Finance Minister Jibreel Ibrahim had reiterated what his predecessor Dr. Hiba Mohammad Ali had said when she denied her Ministry receiving any money from the commission.

Jibreel has challenged the commission to show a document that the Finance Ministry had received a sum of $6 million (cash down) the commission had said it restored from the river transport department. Yet the commission has said the money it restored exceeds the $6 million figure and was put in the custody of the Finance Ministry. The commission spokesman, Wajdi Salih, had also said the sums retrieved by his commission were the driving force of the economy. He had also said the sums retrieved from the institutions of the dissolved National Congress Party were huge and unimaginable for the Sudanese citizen and that if the Finance Ministry employs them well, they can help build the country’s economy.

(In the latest developments of the issue, the dispute was settled Thursday when the Prime Minister brought the two men together and made Jibreel to understand that the retrieved assets were in the custody of a 100-man holding company which is part of the works of the Prime Minister’s office).  


On PM Hamdok’s address Wednesday in which he explained to the nation the reasons behind the hike of fuel prices and his plan for the transitional period, wrote Mr. Haytham Alfadl in the Aldemgrati (the Democrat) daily newspaper:

Prime Minister Abdalla Hamdok had, during two years of good governance, demonstrated a high ability to create what he (Hamdok) has called “a balance” that leads to relative agreement between the active forces in the political movement in the post-revolution Sudan. These forces are too many, but the most important of which are the Army, the Rapid Support Forces (RSF), the Professionals Alliance, the Forces for Freedom and Change (FFC) with its varying components and then the political parties with their shortsightedness towards public interest and their squabbling for government posts. In addition, there are the professional groupings, the trade unions and the shadowy representatives of the elements of the deep state and their interest groups in the public and private sectors. We should not also forget the regional groupings and alliances, the conflicting international western interests in the change that occurred in the post-revolution Sudan.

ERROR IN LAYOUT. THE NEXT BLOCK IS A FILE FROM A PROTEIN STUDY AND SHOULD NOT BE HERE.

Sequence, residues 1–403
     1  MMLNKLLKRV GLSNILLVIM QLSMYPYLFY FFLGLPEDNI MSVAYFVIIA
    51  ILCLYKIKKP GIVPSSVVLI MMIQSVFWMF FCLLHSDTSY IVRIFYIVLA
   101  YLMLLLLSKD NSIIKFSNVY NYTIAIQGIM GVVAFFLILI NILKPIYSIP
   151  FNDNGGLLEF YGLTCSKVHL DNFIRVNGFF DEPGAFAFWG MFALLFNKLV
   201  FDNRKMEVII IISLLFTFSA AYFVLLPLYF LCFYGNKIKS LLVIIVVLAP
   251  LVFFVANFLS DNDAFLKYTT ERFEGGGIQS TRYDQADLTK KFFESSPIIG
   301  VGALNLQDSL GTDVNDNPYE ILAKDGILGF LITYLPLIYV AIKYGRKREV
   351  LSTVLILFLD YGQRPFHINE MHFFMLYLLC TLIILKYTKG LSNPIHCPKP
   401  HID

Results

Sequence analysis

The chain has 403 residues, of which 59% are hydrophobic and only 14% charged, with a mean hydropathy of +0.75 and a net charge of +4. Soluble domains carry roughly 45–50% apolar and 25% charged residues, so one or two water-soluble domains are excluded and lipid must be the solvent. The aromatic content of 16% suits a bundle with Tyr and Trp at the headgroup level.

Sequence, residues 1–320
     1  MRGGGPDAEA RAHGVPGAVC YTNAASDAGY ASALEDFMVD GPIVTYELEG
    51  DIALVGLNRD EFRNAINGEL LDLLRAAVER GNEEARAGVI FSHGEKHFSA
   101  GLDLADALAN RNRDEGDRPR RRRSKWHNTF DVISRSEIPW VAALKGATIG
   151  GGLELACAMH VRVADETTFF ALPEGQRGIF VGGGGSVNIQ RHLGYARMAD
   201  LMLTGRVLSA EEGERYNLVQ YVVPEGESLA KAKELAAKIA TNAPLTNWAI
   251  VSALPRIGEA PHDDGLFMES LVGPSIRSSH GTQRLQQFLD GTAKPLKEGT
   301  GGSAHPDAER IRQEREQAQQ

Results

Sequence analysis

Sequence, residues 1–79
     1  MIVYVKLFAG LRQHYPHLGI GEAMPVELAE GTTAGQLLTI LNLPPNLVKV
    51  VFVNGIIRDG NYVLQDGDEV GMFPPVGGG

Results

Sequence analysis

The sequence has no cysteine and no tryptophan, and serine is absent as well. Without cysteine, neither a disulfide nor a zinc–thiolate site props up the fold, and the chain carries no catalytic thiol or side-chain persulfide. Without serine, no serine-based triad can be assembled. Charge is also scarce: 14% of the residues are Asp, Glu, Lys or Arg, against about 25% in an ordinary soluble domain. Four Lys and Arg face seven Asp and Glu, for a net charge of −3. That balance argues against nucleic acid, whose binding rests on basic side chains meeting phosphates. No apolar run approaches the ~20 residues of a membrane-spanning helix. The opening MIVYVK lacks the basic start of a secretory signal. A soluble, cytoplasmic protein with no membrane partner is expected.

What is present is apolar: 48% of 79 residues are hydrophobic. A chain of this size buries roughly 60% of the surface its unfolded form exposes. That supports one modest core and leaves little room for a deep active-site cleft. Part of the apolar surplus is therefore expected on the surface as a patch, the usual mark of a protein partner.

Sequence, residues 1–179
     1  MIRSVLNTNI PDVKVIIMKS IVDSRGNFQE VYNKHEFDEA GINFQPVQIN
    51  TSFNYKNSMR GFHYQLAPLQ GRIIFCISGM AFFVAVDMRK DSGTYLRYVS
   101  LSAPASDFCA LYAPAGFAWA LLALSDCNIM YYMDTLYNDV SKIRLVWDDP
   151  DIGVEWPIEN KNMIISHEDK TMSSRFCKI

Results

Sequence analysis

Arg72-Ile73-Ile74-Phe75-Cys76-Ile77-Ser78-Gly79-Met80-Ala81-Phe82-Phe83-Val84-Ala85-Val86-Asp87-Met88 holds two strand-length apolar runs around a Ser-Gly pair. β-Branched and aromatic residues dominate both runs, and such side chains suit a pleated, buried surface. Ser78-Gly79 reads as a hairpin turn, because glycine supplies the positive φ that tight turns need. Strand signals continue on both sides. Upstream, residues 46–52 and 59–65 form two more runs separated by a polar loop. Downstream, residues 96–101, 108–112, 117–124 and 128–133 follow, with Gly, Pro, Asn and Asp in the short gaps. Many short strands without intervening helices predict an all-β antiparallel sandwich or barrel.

All of this was within Abdalla Hamdok’s balance to the degree that, under the harshest of conditions, he prefers not seek victory for himself in place for victory for the public interest.

The least to be said about this man is his amazing ability to manage all these different and competing interests that seek to foil his ideas and national projects and his ability to direct all of this towards the building of the country’s bridges out towards safety.

The man in his last address, has put it forth that there is no way for funding development projects, correcting the deformities of the Sudanese economy except through the international community and the funds he could get from this community’s organizations to create a balance between the domestic expenses and the external trade balance and at the same time work for curbing inflation. The return to the international funding system had required a lot of legal, financial, organizational and planning measures in the fiscal policy, the most important of which was the lifting of subsidies, the bitter medicine a sick person has to take in order to recover.

By those well planned steps in his address about his government’s plan to get the country out of the bottle neck, it became my conviction that we are going to win and cross to the other side of the river. That can be attained if the people resort to patience and vigil and if the malicious hands stop trying to undermine the successes being made and which nobody can deny, save those who have interests which contravene the interests of Sudan and its victorious people.